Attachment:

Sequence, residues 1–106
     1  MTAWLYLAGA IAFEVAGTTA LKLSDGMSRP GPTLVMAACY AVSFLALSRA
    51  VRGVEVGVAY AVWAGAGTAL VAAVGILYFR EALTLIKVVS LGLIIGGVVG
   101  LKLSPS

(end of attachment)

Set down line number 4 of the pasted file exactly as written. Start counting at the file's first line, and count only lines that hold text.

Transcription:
   101  LKLSPS